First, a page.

Sediment-bound Contaminant Resiliency and Response (SCoRR) Strategy

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The U.S. Geological Survey's Strategy to Evaluate Persistent Contaminant Hazards Resulting from Sea Level Rise and Storm-derived Disturbances SCORR Mapper SCoRR: Sediment-bound Contaminant Resiliency and Response Strategy Project Page Natural and anthropogenic contaminants, pathogens, and viruses are found in soils and sediments throughout the United States. Enhanced dispersion and conc...

The U.S. Geological Survey's Strategy to  Evaluate Persistent Contaminant Hazards Resulting from Sea Level Rise and Storm-derived Disturbances
 
 

Natural and anthropogenic contaminants, pathogens, and viruses are found in soils and sediments throughout the United States. Enhanced dispersion and concentration of these environmental health (EH) stressors in coastal regions can result from sea level rise and storm-derived disturbances. The combination of existing environmental health stressors and those mobilized by natural or anthropogenic disasters could adversely impact the health and resilience of coastal communities and ecosystems.

As part of the US Geological Survey (USGS) response to Hurricane Sandy, a Sediment-bound Contaminant Resiliency and Response (SCoRR) strategy has been developed to define baseline and post-event sediment-bound environmental health stressors. This strategy will be demonstrated as a pilot study in the Northeastern US. The SCoRR strategy utilizes a tiered, multi-metric approach to:

  1. Identify and map contaminant sources and potential exposure pathways for human and ecological receptors,
  2. Define the baseline mixtures of EH stressors present in sediments (Resilience Mode),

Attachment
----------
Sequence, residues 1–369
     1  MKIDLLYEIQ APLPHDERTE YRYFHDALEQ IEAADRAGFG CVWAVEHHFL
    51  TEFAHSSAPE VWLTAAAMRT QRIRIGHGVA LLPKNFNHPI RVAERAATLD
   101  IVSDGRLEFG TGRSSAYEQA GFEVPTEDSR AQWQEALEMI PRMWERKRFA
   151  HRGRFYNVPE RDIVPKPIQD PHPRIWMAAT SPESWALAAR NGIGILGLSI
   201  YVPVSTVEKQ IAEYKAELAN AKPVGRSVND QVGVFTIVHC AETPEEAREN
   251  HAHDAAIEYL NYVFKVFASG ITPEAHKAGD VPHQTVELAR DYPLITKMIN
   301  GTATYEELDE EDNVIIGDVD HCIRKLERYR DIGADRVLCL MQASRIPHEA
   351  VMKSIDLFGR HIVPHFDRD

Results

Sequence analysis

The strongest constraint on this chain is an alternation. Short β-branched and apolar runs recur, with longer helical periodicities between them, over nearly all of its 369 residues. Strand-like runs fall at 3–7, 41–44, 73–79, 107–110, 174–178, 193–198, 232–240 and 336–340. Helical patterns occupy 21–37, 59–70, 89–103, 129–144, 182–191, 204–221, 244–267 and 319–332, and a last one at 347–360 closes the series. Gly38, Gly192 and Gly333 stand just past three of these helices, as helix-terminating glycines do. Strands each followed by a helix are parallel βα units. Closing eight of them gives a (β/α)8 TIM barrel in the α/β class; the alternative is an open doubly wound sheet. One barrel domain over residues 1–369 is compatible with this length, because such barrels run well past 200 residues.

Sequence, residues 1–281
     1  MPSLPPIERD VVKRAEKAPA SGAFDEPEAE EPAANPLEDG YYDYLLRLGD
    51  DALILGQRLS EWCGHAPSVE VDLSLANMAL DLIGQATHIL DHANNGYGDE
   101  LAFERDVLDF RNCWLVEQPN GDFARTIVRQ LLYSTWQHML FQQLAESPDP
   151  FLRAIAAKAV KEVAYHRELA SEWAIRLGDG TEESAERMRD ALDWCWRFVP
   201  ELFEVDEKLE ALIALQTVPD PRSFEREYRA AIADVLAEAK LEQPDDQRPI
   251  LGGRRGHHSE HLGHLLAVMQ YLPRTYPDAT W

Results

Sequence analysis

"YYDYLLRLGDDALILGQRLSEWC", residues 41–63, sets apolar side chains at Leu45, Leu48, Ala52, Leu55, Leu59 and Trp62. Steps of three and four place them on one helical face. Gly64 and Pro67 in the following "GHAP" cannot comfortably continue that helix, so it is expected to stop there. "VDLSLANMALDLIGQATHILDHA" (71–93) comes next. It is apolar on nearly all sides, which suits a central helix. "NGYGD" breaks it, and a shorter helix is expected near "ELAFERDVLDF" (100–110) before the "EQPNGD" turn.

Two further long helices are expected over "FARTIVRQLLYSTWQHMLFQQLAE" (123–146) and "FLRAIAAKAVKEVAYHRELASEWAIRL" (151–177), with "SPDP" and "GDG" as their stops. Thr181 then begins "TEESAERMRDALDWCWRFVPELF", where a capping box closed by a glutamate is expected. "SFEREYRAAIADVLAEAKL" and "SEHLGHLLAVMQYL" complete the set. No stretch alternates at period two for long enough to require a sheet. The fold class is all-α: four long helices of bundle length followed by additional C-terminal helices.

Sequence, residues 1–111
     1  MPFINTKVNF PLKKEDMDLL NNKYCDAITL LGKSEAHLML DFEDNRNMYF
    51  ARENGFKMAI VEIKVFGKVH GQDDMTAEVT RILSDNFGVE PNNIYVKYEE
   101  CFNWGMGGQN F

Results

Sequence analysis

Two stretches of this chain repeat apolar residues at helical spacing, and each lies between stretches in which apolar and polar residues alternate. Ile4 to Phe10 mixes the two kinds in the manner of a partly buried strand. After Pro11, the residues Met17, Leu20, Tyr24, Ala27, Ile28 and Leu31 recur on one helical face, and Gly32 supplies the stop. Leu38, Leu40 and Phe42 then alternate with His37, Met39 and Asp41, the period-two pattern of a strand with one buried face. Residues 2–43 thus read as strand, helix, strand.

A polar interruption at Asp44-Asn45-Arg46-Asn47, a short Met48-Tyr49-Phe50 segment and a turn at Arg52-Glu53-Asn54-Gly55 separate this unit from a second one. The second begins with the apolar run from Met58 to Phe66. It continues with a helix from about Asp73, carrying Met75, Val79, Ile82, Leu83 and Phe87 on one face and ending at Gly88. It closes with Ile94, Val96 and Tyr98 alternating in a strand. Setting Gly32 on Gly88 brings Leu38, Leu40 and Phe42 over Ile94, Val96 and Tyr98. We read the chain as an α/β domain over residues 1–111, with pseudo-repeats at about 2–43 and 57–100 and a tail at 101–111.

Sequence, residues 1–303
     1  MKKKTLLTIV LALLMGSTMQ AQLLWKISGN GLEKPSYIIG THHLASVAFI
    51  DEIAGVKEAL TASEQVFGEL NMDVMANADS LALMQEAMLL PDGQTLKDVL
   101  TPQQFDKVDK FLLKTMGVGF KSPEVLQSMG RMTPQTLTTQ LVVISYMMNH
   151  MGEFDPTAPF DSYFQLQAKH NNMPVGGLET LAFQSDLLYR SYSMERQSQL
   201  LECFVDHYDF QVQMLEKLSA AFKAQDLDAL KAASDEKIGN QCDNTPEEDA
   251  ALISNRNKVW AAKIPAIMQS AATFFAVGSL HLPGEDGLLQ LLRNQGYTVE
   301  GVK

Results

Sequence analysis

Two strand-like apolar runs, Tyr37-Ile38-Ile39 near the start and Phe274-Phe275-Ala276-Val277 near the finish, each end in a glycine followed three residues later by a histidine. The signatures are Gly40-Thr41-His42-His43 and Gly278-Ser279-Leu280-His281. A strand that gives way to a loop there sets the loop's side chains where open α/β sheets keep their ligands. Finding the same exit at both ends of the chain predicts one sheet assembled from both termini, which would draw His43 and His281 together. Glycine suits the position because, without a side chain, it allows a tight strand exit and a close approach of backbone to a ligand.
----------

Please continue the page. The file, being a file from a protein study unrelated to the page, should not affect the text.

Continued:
3. Document post-event changes in EH stressors present in sediments (Response Mode), and
  4. Establish and apply metrics to quantify changes in coastal resilience associated with sediment-bound contaminants.

Integration of this information provides a means to more fully assess the baseline status of a complex system and more adequately assess the significance of changes in contaminant hazards due to storm induced disturbances.

Conceptual design of the Sediment-bound contaminant Resiliency and Response (SCoRR) strategy

Figure 1: Conceptual design of the Sediment-bound contaminant Resiliency and Response (SCoRR) strategy

Science Team

Timothy Reilly William Benzel Shawn Fisher
Timothy Reilly William Benzel Shawn Fisher
Team Lead Inorganic Geochemistry Network Coordinator
Dale Griffin Luke Iwanowicz Daniel Jones
Dale Griffin Luke Iwanowicz Daniel Jones
Pathogens Biological Assays Geospatial and data delivery
Keith Loftin    
Keith Loftin    
Organic Geochemistry    

Partnerships

Information about USGS activities related to Sediment-bound Contaminant Resiliency and Response

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